But if we get it right, the potential is enormous.
VI What Might this New World Mean for Development?
Over the last 25 years, the share of poor people living in developing countries has been cut by half.
In just 4 years, child mortality rates have fallen by 25 percent in 18 African countries.
Over the 10 years before the financial crisis, economies in sub-Saharan Africa were growing by 5 to 6% on average, and most Africans have already recovered and moved beyond pre-crisis levels. If those growth rates could be maintained, African GDP would double in about 12 years, and increase by about 50 percent in per capita terms, generating public revenues for investment in their people, in productivity, in infrastructure unheard of in previous years – and, of course, reducing poverty.
That potential also draws from the private sector.
We have seen the power of the private sector in the $77 billion that has been invested in telecom networks in sub-Saharan Africa over the last decade, boosting the number of mobile subscribers from under 10 million to nearly 400 million.
We have seen the potential of private sector-led growth in the explosion of investments by developing countries in manufacturing and infrastructure.
We have seen it in the rapid rise in equity funds and other investors looking to put private capital to work in developing countries.
My point is a basic one: Today we are seeing economic, trade, and financial interdependence incomprehensible in 1944;
Today we are seeing innovation, scientific breakthroughs, and communications, incomprehensible in 1944;
We are seeing supply chains and logistics systems that range across continents and oceans.
We are seeing multiple poles of growth with new economic powers and a South-South development pattern. None of these developments were envisioned in 1944.
Can we now combine those changes with a modernized multilateralism to herald a new world economy? Beyond dependence? Beyond a simplistic division between donors and recipients?
A World Beyond Aid?
VII A New Mindset: Beyond Aid
Prior to the Bretton Woods system, foreign aid primarily assisted with humanitarian crises: famines; floods; earthquakes; or people fleeing conflicts.
With the devastation of World War II, and then decolonization, aid seemed useful to jumpstart private investments that might be limited by insufficient domestic saving, capital controls, or weak conditions. Aid also became a currency to gain support in a bipolar Cold War competition.
That 1944 world has changed – dramatically. It is time to think about aid anew.
The changes do not mean there is no longer a place for aid – nor that developed countries should not honor their aid commitments, nor that we should disregard what aid has achieved.
Over the last decade, the World Bank Group has worked with the 79 poorest countries through our Fund for the Poorest, the International Development Association, to provide access to basic health, nutrition, or population services to more than 47 million people; to improve the nutrition of 98 million children; to give over 113 million people access to improved water sources; and immunization to 310 million children.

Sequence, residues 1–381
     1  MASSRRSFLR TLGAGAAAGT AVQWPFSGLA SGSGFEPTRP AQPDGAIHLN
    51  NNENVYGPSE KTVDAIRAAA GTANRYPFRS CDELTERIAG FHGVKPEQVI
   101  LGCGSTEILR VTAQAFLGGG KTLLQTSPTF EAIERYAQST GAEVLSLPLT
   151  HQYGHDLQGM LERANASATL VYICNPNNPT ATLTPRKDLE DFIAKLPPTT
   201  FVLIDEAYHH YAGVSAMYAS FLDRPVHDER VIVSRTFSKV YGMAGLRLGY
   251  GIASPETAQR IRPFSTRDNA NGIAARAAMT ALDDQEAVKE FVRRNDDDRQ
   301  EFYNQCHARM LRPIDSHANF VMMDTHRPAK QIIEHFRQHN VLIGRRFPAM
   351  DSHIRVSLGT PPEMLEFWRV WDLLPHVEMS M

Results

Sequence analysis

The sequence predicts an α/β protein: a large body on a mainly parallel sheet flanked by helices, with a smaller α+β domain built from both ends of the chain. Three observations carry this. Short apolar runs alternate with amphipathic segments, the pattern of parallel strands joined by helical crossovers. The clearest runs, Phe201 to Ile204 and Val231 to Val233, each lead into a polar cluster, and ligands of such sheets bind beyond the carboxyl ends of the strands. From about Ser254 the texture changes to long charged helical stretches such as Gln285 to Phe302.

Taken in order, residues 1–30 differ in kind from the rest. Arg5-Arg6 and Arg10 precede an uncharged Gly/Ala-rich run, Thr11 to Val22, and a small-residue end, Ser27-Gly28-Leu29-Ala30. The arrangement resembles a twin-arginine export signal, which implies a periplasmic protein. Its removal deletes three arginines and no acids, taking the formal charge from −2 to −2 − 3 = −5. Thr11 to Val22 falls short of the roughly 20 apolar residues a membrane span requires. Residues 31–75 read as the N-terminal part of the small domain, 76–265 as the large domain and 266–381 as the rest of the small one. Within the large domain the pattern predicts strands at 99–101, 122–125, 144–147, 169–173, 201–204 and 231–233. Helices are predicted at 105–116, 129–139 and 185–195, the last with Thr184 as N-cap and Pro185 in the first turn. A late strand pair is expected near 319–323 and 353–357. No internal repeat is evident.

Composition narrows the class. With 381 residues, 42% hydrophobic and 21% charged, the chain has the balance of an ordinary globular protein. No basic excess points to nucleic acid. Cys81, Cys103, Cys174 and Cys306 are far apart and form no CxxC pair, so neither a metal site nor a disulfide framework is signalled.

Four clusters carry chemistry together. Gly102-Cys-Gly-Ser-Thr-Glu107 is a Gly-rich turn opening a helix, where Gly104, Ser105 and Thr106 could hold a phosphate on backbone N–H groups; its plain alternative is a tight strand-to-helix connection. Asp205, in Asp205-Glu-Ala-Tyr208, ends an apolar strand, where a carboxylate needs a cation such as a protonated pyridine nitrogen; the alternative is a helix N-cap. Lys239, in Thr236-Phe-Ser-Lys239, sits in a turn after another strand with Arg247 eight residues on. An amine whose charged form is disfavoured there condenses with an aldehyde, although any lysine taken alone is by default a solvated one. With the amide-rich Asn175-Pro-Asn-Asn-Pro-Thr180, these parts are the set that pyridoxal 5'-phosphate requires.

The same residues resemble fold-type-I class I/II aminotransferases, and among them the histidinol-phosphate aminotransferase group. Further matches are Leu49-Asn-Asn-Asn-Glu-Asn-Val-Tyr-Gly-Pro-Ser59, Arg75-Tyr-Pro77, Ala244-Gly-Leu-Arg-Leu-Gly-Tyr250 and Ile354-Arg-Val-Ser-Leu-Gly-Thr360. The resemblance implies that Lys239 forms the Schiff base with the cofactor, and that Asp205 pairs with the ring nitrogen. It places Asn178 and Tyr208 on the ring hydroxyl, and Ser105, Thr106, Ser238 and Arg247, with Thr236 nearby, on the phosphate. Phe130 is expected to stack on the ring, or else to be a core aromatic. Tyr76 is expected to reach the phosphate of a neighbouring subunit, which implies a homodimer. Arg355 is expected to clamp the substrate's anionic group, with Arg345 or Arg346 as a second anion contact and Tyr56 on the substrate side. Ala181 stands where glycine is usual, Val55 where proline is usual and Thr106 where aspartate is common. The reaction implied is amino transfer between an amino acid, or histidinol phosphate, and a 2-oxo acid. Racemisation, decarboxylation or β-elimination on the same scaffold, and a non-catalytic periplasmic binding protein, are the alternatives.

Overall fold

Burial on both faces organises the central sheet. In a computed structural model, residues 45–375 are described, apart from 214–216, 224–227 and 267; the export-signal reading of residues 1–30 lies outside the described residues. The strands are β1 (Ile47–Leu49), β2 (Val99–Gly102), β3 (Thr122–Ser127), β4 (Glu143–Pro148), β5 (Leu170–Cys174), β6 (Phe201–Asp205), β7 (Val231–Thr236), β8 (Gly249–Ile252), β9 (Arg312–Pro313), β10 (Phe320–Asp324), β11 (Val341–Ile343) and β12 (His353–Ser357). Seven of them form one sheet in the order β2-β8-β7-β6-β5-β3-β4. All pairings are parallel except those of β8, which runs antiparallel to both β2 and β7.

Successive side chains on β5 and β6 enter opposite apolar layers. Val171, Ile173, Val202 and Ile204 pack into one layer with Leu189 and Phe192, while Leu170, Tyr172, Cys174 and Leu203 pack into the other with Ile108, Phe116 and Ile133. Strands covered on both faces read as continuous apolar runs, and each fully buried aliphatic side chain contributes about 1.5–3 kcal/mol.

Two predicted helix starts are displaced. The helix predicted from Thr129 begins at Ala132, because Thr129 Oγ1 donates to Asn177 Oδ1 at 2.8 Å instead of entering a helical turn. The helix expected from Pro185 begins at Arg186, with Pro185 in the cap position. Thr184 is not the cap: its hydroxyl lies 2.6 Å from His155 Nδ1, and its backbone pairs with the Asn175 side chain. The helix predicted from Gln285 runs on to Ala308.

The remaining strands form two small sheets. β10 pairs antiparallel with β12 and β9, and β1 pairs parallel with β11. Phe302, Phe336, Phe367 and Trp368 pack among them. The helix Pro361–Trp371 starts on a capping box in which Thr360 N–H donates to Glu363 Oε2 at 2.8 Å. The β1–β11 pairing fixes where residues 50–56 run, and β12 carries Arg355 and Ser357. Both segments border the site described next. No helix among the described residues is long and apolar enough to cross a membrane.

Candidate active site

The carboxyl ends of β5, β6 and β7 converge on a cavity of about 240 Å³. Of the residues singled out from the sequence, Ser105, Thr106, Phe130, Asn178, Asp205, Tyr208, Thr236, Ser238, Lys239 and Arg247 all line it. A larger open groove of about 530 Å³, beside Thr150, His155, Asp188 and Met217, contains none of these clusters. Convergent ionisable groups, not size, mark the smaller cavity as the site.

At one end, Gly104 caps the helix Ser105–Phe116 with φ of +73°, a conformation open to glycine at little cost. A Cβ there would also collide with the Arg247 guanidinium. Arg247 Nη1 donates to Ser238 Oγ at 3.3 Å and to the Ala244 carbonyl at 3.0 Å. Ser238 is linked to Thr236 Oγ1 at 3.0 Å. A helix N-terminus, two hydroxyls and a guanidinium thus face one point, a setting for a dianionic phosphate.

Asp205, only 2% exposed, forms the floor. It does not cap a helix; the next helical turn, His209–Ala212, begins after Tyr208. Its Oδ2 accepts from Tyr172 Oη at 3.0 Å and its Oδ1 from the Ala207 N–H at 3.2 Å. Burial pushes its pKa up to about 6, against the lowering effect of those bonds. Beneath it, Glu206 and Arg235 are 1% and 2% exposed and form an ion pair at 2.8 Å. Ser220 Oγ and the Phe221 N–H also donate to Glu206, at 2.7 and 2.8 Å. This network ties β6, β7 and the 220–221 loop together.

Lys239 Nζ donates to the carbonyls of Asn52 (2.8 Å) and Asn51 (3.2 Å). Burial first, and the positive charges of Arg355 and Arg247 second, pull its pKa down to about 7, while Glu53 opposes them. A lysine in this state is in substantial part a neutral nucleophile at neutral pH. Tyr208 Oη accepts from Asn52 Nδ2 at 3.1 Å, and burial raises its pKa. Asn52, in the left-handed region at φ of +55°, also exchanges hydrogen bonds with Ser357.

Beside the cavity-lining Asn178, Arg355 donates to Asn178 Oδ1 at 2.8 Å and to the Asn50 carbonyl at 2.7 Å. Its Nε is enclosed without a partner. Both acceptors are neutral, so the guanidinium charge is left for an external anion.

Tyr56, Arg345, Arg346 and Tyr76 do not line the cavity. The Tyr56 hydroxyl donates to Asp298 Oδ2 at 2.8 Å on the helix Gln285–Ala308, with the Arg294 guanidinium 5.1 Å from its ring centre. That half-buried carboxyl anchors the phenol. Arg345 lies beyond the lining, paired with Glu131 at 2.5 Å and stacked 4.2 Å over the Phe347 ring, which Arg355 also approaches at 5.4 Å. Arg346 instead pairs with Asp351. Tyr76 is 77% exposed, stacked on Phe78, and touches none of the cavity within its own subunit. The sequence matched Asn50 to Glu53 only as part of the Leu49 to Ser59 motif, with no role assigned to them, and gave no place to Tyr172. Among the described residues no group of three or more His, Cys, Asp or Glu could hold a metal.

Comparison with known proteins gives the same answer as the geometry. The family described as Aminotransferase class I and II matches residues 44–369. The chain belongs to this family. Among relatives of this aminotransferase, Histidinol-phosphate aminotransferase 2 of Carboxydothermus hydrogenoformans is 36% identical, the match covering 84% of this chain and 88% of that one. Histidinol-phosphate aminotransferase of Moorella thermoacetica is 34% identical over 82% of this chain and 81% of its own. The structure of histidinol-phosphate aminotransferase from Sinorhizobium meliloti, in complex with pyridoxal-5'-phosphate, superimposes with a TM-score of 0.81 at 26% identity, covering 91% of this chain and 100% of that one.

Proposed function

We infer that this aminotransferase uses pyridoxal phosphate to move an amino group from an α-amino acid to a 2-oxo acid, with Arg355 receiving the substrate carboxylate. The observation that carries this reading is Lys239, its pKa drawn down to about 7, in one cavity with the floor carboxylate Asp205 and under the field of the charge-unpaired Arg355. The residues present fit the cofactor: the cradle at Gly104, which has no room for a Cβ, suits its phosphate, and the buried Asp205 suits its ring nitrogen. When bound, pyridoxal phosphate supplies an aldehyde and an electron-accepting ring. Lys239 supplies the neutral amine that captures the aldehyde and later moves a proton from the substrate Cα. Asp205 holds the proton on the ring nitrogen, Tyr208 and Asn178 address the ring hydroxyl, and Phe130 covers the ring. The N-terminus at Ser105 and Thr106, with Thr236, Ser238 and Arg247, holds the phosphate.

For millions of people around the world, that aid remains a life or death matter. It remains a valuable boost enabling countries to climb the ladder of growth.
We see this in the Horn of Africa, where aid is urgently needed to help the more than 12 million victims of not only the most devastating drought in sixty years, but of brutal men battling without care for consequence.
We see this in Afghanistan, where well-targeted aid programs have made real contributions to providing access to education and basic health care, improving rural livelihoods, supporting private sector growth, and building community empowerment and involvement in development.
Much remains to be done to achieve the Millennium Development Goals.
Much remains to be done to reach the “bottom billion” – the almost 1.5 billion people today – who live in countries affected by fragility, conflict, and violence. None of these countries has yet achieved a single Millennium Development Goal.
But aid is not for life. Nor should aid be what developed countries give with one hand while, with the other, they exclude developing countries from agricultural or other trade markets, or restrict their access to sustainable energy.
In a world Beyond Aid, assistance would be integrated with – and connected to – global growth strategies, fundamentally driven by private investment and entrepreneurship. The goal would not be charity, but a mutual interest in building more poles of growth.
In a world Beyond Aid, sound G7 economic policies would be as important as aid as a percentage of GDP.
In a world Beyond Aid, G-20 agreements on imbalances, on structural reforms, or on fossil fuel subsidies and food security, would be as important as aid as a percentage of GDP.
In a world Beyond Aid, the advanced emerging markets would assist those behind with experience, open markets, investments, and new types of assistance.
In a world Beyond Aid, new investment vehicles such as IFC’s Asset Management Corporation would create new channels for intermediating capital through private investment.
In a world Beyond Aid, new financial instruments would insure smallholder farmers against drought, or countries against hurricanes, would create local currency bond markets and leverage new equity investments, and develop new local commodity exchanges, or hedging instruments for developing countries.